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Wednesday, 20 August 1980
Page: 512


Mr VINER (Stirling) (Minister for Employment and Youth Affairs) - We have not heard anything new in the debate this afternoon. It has covered exactly the same ground as was covered in a debate in this House on 25 March this year. The people of Australia are not being offered anything new by way of policy or argument on behalf of the Opposition. It is clear that there is a difference of view between the Opposition and the Government on how to tackle the matter of unemployment. The honourable member for Port Adelaide (Mr Young) made the rather trite observation that nothing but job creation will get people back to work. At the centre of the issue is the question of whether jobs are created substantially by obtaining growth in the economy through private enterprise or by spending the taxpayers' money, that is, by a government-funded job creation program whereby the community is asked to pay higher and higher taxes and to put more and more money into the hands of government and the government decides where to invest and spend that money. That, of course, is the clear distinction between the socialist philosophy of taking money from the people by way of tax and then letting the government decide where to spend it and the Liberal philosophy of leaving money with the people so that they can make their own choices and their own decisions as to investment and thereby produce growth in the economy.

The Government has said very clearly and unashamedly that it follows the private enterprise philosophy. The facts bear out the success of our philosophy not only during the last five years but also in the post-war period. Can anybody deny that Australia has prospered under the private enterprise polices of former Liberal-National Country Party governments? Can anybody deny that Australia suffered seriously under the socialist economic policies of the Whitlam Government, led by people such as Dr Jim Cairns and the present Leader of the Opposition (Mr Hayden) when he was Treasurer?

As I said in the debate on 25 March, the Opposition is now putting forward precisely the same job creation proposals as it abandoned when the Leader of the Opposition was Treasurer in 1975. 1 refer, of course, to the well-known Regional Employment Development Scheme. This scheme was not only well known but also greatly discredited. It could not succeed and it did not succeed. It was acknowledged by the Labor Government of the day to be a failure. Rather than pour more and more money into such job creation schemes, the Labor Government abandoned that policy in its 1975 Budget. That cannt be denied because it is on record. Let me put one other simple proposition which I am sure the people of Australia will appreciate. If the spending of more and more of the taxpayers' money by the Government were the answer to unemployment, the Whitlam Government would have solved the unemployment problem overnight. Any government in the world would be able to solve the unemployment problem overnight simply by levying more and more taxes on the people and spending more and more money on so-called job creation schemes. Honourable members and the public know that that kind of economic policy and social policy has been a failure throughout the world. As I have said, if the spending of government money were the simple answer to unemployment, the problem of unemployment would have been solved many years ago.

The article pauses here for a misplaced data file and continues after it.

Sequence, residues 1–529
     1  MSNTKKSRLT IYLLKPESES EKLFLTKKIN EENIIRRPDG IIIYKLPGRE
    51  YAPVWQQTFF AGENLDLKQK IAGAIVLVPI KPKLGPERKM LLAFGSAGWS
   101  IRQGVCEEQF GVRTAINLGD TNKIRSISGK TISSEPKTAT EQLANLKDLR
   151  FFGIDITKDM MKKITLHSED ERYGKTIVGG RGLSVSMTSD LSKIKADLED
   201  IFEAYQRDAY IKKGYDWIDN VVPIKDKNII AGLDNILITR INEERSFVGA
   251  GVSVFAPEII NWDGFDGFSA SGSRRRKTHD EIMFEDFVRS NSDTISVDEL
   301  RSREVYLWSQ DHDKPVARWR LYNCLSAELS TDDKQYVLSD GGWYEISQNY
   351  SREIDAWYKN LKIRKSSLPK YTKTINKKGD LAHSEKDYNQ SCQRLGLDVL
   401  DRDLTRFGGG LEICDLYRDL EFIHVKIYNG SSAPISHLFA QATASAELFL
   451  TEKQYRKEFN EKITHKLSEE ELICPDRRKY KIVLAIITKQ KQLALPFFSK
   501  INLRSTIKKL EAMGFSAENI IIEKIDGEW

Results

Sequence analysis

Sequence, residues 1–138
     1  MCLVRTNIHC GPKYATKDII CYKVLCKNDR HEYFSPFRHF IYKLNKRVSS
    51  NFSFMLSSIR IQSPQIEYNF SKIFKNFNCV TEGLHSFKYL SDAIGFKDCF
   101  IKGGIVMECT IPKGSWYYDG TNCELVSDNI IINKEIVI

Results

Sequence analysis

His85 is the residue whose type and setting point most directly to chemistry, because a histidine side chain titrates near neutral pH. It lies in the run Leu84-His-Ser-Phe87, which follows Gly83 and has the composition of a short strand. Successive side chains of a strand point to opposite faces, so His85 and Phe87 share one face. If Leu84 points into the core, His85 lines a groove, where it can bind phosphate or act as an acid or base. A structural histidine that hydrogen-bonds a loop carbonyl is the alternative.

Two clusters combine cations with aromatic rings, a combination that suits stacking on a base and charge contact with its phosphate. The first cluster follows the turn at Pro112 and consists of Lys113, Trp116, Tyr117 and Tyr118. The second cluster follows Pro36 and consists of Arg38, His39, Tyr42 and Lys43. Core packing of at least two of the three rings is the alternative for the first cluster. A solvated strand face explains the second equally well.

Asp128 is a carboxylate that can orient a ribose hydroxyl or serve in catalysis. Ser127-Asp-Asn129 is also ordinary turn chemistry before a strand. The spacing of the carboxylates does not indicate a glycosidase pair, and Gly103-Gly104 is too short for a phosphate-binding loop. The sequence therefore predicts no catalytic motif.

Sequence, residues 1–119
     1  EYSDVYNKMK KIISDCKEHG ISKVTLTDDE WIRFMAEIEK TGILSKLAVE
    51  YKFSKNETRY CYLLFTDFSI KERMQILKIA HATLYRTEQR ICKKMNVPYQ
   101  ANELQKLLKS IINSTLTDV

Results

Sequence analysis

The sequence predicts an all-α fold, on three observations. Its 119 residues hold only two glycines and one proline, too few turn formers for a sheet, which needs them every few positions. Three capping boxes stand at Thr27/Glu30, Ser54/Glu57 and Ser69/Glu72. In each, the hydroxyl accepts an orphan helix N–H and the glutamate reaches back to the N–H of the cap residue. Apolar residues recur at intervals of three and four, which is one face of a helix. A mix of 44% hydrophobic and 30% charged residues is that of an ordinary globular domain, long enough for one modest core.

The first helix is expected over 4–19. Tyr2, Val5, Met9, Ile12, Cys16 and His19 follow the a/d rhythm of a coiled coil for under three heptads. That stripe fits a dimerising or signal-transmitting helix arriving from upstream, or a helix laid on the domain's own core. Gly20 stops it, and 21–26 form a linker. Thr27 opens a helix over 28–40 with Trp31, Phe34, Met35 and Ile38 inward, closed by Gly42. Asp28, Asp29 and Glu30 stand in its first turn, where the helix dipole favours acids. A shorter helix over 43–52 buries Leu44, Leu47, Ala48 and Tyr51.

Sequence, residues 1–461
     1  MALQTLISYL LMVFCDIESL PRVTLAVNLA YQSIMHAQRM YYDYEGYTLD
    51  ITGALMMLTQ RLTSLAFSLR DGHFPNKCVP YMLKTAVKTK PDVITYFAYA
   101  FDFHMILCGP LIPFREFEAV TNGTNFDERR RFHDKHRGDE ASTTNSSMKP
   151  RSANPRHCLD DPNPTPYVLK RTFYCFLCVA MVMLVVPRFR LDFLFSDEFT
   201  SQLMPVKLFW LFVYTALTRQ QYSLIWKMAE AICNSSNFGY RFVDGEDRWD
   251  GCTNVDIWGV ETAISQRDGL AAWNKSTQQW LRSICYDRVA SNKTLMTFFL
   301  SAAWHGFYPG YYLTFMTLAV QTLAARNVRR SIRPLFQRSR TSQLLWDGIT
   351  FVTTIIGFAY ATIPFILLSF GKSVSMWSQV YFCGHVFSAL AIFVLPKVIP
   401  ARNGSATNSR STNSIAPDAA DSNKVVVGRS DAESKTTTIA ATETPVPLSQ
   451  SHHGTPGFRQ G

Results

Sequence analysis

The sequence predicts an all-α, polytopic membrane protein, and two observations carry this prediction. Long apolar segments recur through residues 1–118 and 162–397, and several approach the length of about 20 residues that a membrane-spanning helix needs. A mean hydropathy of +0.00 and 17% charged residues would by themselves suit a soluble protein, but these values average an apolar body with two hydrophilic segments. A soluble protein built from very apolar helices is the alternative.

Let me point out to honourable members what has happened over the last 1 2 months in particular to indicate the very strong growth in employment throughout 1979 and 1980. Between June 1979 and June 1980 total employment increased by 1 75,000 persons. That figure comprised 60,700 males and 114,400 females- 77,000 unmarried women and 37,400 married women. Some 130,700 people included in that figure of 175,100 were in full time employment. The bulk of the growth in 12 months has been in full time employment. Between June 1 979 and June 1 980 total employment increased by 175,100. In fact, the yearonyear increase in employment has been in excess of 100,000 persons, since September 1979. That means a persistent and sustained growth in the number qf people employed and compares very favourably with the four years up to 1978 when the average annual increase in employment was only about 30,000. As I have said, since September 1979 the annual increase has been in excess of 100,000 persons.

One of the reasons that unemployment has not reduced in direct correlation to the increase in employment is that the economy has been sufficiently strong to absorb that growth in employment. Because it has been so strong it has attracted more people into the labour force. People know that the economy is stronger and that job opportunities are greater; therefore they are being attracted into the labour force. In fact, this is reflected in the strong rise in the labour force participation rate.


Mr Dawkins - Do you believe that?


Mr VINER - Perhaps the honourable member for Fremantle read some economics at some time, and labour economics in particular, and will understand what is involved in the participation rate. I repeat that this trend is reflected in the strong rise in the labour force participation rate. It has risen from an average of 60.7 per cent in the June quarter of 1979 to an average of 61.3 per cent in the June quarter of 1980. In other words, significantly more people are seeking work because they know that the economy is stronger.

As I advised the House in a debate on 25 March of this year, the cost of the Labor Government's job creation proposals is about $ 1,000m. That has not been denied in this debate today.